Entrepreneurs don’t often succeed with their first startups, and many continue to fail with their second and perhaps even their third. But that’s not the point on which policy makers should focus, according to several experts who spoke Thursday on the Hill.
Economically speaking, the important thing is that they almost always try again.
“Small business owners, if they fail at their first attempt, they’ll immediately go take a job in their industry,” said Scott Case, chief executive of the Startup America Partnership. “The local salon owner who doesn’t make it will go cut hair for someone else. But not a startup founder. A founder will shut down their business and just start again. And that’s the fuel that drives the market ahead.”
Case was among a group of business leaders and lawmakers who spoke Thursday at a forum hosted by the Center for Public Policy Innovation. Initially, the panel was meant to discuss ways the government can foster job growth by promoting innovation and unleashing the power of small business, but experts quickly clarified that it isn’t necessarily small firms — but rather new firms — that hold the key to economic recovery.
“What we really need to do is concentrate on these high-growth, high-impact firms,” said Jonathan Ortmans, a Kauffman Foundation senior fellow and president of Global Entrepreneurship Week. “Research shows that almost all net new jobs come from firms less than five years old. That poses questions about how much should we be talking about new and young firms rather than small firms.”
Debate surrounding the importance of distinguishing between small businesses and new businesses has recently heated up in the nation’s capital. A month ago, speaking at the Federal Reserve, a pair of economists from the National Federation of Independent Business and the University of Maryland disputed whether access to capital remained a major concern for American businesses. Ultimately, most of the dispute hinged on their different perspectives regarding who could best jumpstart the economy — the nation’s smallest employers or the nation’s newest employers — all because the two groups reported starkly different observations of the current lending environment.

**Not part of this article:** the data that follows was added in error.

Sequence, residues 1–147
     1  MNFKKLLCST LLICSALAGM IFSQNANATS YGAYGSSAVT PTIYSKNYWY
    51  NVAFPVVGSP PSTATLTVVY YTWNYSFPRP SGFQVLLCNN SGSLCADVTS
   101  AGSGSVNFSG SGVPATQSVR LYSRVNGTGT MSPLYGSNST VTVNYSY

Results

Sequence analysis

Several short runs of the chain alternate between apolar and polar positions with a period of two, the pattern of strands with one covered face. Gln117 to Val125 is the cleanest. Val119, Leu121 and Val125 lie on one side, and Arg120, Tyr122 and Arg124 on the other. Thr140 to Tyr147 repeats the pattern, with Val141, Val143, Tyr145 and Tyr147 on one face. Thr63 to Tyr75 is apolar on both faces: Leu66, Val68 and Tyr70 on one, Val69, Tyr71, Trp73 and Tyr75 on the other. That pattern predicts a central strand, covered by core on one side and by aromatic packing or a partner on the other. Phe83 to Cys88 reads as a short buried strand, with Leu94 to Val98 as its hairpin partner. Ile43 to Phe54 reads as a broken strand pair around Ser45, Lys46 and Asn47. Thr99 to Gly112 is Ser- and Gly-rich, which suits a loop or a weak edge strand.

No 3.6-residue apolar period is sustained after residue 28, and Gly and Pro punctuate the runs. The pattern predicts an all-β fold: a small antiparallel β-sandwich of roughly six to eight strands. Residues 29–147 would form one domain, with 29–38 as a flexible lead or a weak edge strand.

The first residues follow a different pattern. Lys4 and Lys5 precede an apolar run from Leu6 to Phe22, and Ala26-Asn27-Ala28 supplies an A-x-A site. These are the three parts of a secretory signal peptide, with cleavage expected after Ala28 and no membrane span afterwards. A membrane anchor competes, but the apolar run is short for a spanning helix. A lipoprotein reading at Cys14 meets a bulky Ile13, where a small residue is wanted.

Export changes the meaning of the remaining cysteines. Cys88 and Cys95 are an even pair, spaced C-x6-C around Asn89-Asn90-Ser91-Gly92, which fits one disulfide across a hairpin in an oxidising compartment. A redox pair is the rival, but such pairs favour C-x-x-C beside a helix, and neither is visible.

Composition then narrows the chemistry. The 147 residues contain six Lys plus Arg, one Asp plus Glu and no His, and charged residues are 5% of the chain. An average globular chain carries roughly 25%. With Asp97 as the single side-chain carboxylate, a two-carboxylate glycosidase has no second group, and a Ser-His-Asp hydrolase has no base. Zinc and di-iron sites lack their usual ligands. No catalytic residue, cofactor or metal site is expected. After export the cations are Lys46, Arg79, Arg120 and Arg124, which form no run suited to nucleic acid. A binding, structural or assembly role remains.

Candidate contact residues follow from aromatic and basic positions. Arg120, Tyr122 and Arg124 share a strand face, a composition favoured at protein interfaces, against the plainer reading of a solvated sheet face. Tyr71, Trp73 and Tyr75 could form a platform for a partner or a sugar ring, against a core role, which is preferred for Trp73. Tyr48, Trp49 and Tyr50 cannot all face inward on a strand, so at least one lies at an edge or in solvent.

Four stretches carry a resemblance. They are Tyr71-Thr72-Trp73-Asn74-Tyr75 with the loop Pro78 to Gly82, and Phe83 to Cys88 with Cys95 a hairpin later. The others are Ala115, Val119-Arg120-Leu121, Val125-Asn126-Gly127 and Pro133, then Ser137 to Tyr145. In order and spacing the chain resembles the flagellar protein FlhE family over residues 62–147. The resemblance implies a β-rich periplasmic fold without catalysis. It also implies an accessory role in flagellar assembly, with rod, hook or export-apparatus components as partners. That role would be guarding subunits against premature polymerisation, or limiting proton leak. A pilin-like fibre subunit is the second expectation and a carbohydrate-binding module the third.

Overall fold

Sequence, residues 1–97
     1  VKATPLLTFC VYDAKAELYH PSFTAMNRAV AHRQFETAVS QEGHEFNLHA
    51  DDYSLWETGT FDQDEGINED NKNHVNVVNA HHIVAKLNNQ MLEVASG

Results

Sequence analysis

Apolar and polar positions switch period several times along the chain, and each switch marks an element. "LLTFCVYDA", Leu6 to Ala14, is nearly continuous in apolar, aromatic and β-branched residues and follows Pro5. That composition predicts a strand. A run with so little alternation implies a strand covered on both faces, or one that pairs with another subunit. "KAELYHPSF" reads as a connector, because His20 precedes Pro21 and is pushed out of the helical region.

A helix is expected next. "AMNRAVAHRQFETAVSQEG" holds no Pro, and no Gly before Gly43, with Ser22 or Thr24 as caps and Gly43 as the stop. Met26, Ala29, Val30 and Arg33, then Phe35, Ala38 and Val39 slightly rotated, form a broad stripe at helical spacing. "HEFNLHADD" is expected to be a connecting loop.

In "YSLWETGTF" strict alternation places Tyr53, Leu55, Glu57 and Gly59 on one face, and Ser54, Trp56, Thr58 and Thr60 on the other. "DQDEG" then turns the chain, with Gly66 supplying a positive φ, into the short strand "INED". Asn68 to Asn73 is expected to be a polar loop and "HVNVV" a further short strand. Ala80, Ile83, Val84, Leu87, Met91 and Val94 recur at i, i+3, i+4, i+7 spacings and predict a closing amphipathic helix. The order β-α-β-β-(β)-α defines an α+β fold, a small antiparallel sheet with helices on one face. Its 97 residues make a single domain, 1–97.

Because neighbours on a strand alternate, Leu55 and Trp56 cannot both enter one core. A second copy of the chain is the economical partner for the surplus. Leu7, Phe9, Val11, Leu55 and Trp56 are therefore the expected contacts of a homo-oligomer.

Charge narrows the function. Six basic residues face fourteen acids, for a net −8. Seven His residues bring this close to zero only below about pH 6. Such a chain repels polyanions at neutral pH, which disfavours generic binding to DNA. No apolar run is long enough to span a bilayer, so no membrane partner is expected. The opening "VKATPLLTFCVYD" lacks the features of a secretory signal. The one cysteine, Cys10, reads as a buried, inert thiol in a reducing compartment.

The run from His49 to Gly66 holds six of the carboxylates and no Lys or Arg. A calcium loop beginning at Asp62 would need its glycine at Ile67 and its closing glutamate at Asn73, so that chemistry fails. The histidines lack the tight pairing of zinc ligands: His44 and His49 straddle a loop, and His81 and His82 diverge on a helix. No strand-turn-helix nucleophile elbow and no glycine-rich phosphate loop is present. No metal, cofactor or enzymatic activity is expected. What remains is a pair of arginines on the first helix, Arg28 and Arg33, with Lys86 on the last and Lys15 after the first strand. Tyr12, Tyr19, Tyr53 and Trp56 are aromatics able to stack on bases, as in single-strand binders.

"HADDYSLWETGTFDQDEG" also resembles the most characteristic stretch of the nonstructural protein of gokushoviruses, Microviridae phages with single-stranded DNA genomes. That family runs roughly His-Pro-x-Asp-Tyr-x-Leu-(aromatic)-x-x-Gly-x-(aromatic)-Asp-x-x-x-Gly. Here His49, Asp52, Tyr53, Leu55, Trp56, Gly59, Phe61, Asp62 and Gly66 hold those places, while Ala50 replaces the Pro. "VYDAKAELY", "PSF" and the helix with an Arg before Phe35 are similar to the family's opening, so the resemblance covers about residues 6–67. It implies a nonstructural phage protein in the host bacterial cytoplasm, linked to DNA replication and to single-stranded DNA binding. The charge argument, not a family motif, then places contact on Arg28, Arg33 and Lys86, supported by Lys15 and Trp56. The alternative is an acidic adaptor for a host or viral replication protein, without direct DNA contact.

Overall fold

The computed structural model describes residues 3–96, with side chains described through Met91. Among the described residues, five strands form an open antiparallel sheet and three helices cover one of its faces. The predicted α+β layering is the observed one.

On Thursday, Ortmans and Case sided with the notion that policy makers should more strongly emphasize the interests of early-stage startups, noting that most companies’ hiring booms take place during their first few years in existence and that high-growth companies consistently account for some of the country’s greatest advances in technology. They also urged the government not to overemphasize the fact that many startups won’t still be in business several years down the road.
Why? Because even though those companies won’t still be in business, those entrepreneurs will almost assuredly be back with something better.
“This is a recycling and reformatting process, Ortmans said. “I don’t sit there and think, ‘Oh well, 80 percent of those firms failed last year.’ I think about the people behind those firms and how much stronger their networks and ideas are, how much more knowledge they have about their unique industries, how much stronger they are having gone through that process.”
Case noted that high-growth startups also face vastly different challenges than their mom-and-pop counterparts, with high-growth firms less often burdened by regulatory hurdles but more often struggling to find the talent and expertise they need to grow their businesses quickly. He urged the government to help entrepreneurs find skilled workers and partner with big corporations.
“These startups are special and they have a different mindset,” he said. “They also have a different set of needs, sometimes in terms of financing, but largely in terms of knowledge and expertise. We have to connect them with help from big institutions.”
And as for whether policy makers should distinguish between startup founders and traditional small business owners, Case suggests going straight to the source.
“If you sit in a room of 200 startups, and you ask which of them are small businesses, no one will raise their hand,” he said. “What they’ll tell you is that they are giant businesses that just haven’t scaled yet.”